I signal when I’m riding my bike. No one wants to add unnecessary confusion when riding a bike where cars and traffic is concerned. I know I’ll come off second best in a bingle with anything bigger than another bike rider. If in doubt, ring, signal and/or nod so that you and other drivers know what to expect. But should you always signal?
The SMH’s resident cycling blogger @MichaelOReily ponders the question in his latest ‘On Your Bike’ blog post.
He rightly says that “As vulnerable road users, cyclists should always try to alert other vehicles of their intentions. But indicating while riding a bicycle is a lot more complicated than it is in a car, where the driver just has to flick a lever and then let the solenoid do its job.”
To signal or not to signal, that is the question he considers and he reckons that you’ve got to take into consideration a few points such as driver behaviour, injury risk, loss of braking and loss of control when weighing up whether to take your hands off the handlebars.
Do you signal? Is it a two-finger salute when someone’s come a bit too close, a friendly wave or a serious turning hand? I guess as bike riders we’ve got to use some or all of these signals depending on the circumstances, eh?
I have always assumed the yellow, orange bright jackets and tops was a good way to be visible while reading. Although I have read on some bike sites that orange is actually more visible than yellow, despite the fact that most high-vis cycling gear is luminous yellow. I ride in both summer and winter with yellow high-vis tops or jackets.
So I was intrigued to read this article on the BikeWise website about whether visible positioning or clothing has the greater impact on making a rider seen by pedestrians, cars and other traffic. I thought I’d publish some of the article on my blog as is raises some useful questions about the most sensible, and defensive, way to ride a bike. I guess it’s also a reminder about not getting complacent and assuming you’ll be spotted because you’ve got a blowing yellow jacket on while riding.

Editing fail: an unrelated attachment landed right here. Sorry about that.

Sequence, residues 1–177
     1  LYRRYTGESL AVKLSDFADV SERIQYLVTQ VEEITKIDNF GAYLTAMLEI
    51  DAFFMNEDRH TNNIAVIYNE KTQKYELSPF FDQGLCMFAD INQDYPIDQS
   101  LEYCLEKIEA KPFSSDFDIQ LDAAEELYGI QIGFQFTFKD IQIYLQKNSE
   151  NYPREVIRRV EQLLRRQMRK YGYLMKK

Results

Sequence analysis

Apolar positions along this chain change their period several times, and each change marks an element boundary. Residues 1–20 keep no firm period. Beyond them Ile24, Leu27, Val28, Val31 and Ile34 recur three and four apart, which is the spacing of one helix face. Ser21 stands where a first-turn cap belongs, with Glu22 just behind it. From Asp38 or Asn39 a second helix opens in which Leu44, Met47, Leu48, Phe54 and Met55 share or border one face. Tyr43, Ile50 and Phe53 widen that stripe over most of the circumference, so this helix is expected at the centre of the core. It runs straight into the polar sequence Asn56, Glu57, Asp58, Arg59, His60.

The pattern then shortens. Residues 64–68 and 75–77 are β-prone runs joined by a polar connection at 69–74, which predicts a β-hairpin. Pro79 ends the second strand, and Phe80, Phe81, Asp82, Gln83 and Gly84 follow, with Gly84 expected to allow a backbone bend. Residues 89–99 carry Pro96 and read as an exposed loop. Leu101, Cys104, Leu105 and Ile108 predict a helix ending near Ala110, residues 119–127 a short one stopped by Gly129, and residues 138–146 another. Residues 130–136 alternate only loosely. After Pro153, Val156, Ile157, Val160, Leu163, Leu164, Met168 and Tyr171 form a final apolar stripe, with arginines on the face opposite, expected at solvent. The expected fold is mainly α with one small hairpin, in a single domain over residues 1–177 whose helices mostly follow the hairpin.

The full article is at the BikeWise website and is Hi-Vis Clothing vs. Hi-Vis Road Positioning.
“…we think it’s your road positioning that has a much greatest impact on your safety and visibility in traffic. … If you ride near the centre of the lane, you are far more visible there than on the far left of the road near the ‘door zone’.”
This is because most drivers’ eyes are conditioned to look to the centre of the lane to see on-coming vehicles approaching. If you ride near the centre of the lane in such situations, you’re going to get seen. As an added benefit, you’re also going to see any cars approaching much sooner, because you have a better sightline of the intersection.
Visibility essentially comes down to two things: Seeing and Being Seen. Wearing Hi-Vis clothing will enhance your visibility, especially at night and when there is reduced light, but don’t be lulled into a false sense of security that wearing a fluro vest will instantly make you visible to all other road users. In the words of London Cyclist:
“My argument here isn’t against high vis clothing. My argument is: Don’t just rely on high vis clothing. There is something that far surpasses the power of high vis. Road positioning.”